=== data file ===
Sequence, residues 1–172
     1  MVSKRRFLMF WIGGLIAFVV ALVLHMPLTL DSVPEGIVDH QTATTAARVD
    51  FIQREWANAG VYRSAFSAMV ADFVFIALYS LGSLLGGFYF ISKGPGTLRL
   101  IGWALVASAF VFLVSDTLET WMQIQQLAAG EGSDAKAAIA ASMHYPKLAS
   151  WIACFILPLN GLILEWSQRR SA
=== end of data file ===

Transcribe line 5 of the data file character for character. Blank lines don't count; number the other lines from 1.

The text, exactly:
   151  WIACFILPLN GLILEWSQRR SA